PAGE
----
Independent Retailers and the Changing Retail Landscape“We are focusing on giving our customers more of an experience.We do events, demonstrations, bring in experts, etc. We want ourcustomers to know that we care about our community and weparticipate in community and neighborhood events.”— Sporting goods retailer in Arkansas"We are small, unique, and hands-on fun. Personalized customerservice is hard to duplicate over the web."— Toy store in MichiganFinding 3: Many independent retailers seeopportunity in chain store closures.As the retail landscape shifts at the national level, independentretailers are seeing the changes unfold in their own communities. Eightythree percent report that there have been chain store closures in their areathat have left behind vacant spaces, and 17% describe the extent of theseclosures as “significant.”A majority of survey respondents see these shifts as holdingpotential for indies. When asked about the impact of widespread chainstore closures on their sector and region, 51% of survey respondentsreported that it “Creates new opportunities for independent retailers.” Asmaller portion of respondents, 24%, see the impact of the closuresdifferently, and say it “Drags down brick-and-mortar retail overall,including independents.” Sixteen percent say the closures are not makingmuch difference to independent retailers, and 10% say they don’t knowwhat the impact is.Advocates for Independent Business 6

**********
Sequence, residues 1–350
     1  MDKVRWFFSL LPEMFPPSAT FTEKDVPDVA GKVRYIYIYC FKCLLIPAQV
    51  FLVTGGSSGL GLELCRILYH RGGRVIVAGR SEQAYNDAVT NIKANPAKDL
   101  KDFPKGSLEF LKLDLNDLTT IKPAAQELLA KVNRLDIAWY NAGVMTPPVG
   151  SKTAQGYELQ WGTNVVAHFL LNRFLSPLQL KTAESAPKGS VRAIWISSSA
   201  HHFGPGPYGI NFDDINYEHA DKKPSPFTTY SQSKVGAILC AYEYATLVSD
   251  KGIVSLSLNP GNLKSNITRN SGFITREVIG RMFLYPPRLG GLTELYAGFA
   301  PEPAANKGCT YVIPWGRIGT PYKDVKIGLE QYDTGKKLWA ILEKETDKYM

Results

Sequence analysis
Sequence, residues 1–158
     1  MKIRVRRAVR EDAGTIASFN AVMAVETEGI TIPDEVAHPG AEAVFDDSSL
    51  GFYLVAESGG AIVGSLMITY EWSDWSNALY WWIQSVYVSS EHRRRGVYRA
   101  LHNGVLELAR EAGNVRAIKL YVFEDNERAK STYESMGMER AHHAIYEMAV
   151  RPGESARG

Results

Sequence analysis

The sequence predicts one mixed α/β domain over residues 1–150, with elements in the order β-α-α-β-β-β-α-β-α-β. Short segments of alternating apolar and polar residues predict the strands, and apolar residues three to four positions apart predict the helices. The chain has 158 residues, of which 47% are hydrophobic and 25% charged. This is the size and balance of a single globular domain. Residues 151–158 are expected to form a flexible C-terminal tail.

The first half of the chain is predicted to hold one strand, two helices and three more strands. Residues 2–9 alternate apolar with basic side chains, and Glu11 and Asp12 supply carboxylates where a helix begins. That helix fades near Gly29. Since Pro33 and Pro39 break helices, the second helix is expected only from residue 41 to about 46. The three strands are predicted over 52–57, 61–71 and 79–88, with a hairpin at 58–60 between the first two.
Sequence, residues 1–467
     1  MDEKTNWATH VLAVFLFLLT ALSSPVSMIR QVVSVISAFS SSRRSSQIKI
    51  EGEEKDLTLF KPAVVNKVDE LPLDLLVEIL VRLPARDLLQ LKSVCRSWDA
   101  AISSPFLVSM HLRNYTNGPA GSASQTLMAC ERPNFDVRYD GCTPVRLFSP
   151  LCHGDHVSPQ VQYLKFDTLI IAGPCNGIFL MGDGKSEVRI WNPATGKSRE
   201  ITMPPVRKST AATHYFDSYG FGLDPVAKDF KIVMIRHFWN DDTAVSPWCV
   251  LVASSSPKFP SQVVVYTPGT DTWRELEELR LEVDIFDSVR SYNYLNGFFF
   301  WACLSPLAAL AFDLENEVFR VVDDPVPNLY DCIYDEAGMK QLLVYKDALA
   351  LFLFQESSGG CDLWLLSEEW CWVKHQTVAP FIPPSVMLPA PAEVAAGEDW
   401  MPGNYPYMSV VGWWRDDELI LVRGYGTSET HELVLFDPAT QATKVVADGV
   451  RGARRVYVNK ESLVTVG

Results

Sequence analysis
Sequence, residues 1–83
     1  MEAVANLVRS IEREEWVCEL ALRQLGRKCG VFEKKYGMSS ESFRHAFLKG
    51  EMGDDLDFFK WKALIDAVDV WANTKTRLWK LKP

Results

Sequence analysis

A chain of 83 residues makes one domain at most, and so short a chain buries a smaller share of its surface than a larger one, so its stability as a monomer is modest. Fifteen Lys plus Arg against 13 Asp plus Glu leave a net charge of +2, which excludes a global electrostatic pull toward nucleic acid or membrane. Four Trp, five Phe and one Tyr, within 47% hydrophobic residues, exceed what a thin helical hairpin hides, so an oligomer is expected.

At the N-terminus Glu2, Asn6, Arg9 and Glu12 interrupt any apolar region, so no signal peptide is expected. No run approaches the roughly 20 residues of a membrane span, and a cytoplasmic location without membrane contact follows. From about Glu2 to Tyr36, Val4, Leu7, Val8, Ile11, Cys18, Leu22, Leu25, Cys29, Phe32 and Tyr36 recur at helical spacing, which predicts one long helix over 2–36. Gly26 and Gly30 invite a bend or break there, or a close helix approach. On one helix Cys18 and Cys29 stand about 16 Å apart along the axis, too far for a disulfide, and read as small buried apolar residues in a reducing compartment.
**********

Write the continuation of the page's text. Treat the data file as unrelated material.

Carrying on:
Independent Retailers and the Changing Retail LandscapeSurvey respondents were also asked more specifically about theimpact of closures on their business, and here, the response was moremixed. Of those who have experienced closures in their area, half reportthat these closures have had no effect on their own business, and onequarter say they are not sure. Just one-quarter of respondents say thatclosures have affected their businesses, and of these, two-thirds say theeffect has been positive.Of those business owners who have experienced positive effectsfrom closures, they cite as the top two benefits: a gain in customers whoused to shop at the shuttered chains, and an overall increase inappreciation for local businesses that are committed to the community.“A chain retailer closing in our community had a negative impactinitially, looking abandoned and reducing foot traffic, but newlocal small businesses have used the opportunity and openedrecently, with much support.”— Bookstore in MinnesotaAdvocates for Independent Business 7